Amnesty International is holding its own public hearings on the three-yearly review of New Zealand's refugee quota at Parliament today in a bid to ramp up pressure on the Government to raise the threshold this year.
Anglican Archbishop Philip Richardson, Wellington Mayor Celia Wade-Brown, the Human Rights Commission, New Zealand Red Cross, former refugees and others will make submissions to a panel set up by the human rights advocacy group.
United Future leader Peter Dunne is sponsoring the event, which means it can take place within the parliamentary precinct.
Mr Dunne said New Zealand's refugee quota - which has remained at 750 refugees since 1987 - deserved greater scrutiny.
He also wanted local government to have a greater voice in decision-making around the quota.
Many provincial councils were crying out for more migrants or refugees to help to address skill shortages, he said.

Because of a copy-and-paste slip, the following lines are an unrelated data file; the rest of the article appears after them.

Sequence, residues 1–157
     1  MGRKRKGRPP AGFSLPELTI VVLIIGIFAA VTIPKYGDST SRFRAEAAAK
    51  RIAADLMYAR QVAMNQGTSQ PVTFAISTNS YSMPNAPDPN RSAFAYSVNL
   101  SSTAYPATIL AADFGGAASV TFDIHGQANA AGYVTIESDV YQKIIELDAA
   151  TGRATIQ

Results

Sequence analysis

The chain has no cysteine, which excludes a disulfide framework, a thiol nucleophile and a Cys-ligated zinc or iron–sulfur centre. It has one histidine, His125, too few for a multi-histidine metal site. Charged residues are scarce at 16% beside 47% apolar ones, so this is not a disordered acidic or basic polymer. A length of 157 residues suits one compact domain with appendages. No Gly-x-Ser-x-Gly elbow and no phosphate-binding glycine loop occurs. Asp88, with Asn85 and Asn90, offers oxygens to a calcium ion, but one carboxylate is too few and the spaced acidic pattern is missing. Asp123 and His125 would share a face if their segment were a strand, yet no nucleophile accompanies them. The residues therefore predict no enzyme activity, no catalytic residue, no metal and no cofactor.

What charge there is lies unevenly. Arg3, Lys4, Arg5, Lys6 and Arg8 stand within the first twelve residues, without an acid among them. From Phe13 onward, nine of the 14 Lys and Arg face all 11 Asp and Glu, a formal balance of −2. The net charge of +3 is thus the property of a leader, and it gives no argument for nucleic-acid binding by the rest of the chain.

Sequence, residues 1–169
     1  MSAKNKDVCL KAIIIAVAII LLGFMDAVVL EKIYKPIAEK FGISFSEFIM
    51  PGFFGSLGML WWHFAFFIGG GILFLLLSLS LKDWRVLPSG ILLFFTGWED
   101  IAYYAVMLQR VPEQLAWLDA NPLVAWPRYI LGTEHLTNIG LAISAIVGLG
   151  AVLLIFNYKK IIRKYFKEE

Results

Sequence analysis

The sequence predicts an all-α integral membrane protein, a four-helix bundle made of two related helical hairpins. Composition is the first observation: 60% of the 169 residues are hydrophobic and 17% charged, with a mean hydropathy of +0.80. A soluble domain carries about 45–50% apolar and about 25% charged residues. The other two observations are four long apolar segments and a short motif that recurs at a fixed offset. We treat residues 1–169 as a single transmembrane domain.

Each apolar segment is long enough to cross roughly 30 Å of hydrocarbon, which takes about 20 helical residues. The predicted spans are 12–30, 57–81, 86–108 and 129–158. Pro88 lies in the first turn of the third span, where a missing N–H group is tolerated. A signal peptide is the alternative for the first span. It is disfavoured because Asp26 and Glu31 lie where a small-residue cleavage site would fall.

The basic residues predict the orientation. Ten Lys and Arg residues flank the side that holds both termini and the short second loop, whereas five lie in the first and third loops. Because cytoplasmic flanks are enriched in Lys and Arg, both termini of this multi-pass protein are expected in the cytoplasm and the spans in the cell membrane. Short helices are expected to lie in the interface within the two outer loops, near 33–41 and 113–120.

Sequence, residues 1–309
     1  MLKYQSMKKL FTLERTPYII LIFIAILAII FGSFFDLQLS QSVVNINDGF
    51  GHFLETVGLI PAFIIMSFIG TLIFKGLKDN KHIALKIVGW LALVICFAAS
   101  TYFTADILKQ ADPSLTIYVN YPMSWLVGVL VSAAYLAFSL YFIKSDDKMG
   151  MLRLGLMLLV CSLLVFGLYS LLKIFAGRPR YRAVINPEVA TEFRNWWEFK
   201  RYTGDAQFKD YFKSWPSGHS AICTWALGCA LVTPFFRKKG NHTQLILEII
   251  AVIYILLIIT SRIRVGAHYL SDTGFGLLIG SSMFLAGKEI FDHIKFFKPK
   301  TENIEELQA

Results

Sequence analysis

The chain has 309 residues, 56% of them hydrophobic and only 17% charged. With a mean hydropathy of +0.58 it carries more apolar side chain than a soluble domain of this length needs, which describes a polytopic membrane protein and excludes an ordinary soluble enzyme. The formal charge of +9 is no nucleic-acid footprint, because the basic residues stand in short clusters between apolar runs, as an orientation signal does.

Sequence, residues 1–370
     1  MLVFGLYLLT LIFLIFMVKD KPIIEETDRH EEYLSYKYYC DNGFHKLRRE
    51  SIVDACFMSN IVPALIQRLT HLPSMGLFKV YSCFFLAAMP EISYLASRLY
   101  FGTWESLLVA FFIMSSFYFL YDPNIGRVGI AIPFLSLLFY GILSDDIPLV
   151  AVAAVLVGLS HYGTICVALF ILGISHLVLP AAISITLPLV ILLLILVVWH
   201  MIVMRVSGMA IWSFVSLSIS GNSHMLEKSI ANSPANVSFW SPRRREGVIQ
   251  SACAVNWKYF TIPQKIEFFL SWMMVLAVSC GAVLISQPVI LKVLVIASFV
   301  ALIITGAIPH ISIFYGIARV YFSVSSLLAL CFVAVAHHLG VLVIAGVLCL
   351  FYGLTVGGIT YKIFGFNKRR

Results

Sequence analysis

A group of mayors from Auckland, Invercargill, Christchurch, Dunedin, Marlborough, Gisborne, Lower Hutt, and Hamilton have indicated support for a higher quota, saying their cities have the capacity to take on more refugees.
Last year, the Government confirmed an emergency intake of 600 Syrian refugees over three years on top of the annual quota.
Prime Minister John Key has not ruled out taking in more Syrian refugees on an emergency basis, but has been hesitant to commit to a higher quota.
He wants to make sure that funding and high-quality support would be available to a larger group of refugees.
Amnesty International's New Zealand branch has received 750 public submissions on the issue, and will produce a report after the public hearings.
Executive director Grant Bayldon said it was crucial for all voices from the community to be heard on the issue. The review of the quotas was taking place during the worst global refugee crisis in 70 years, he said.
The Cabinet will make its decision on the quota for the 2016 to 2019 period this year.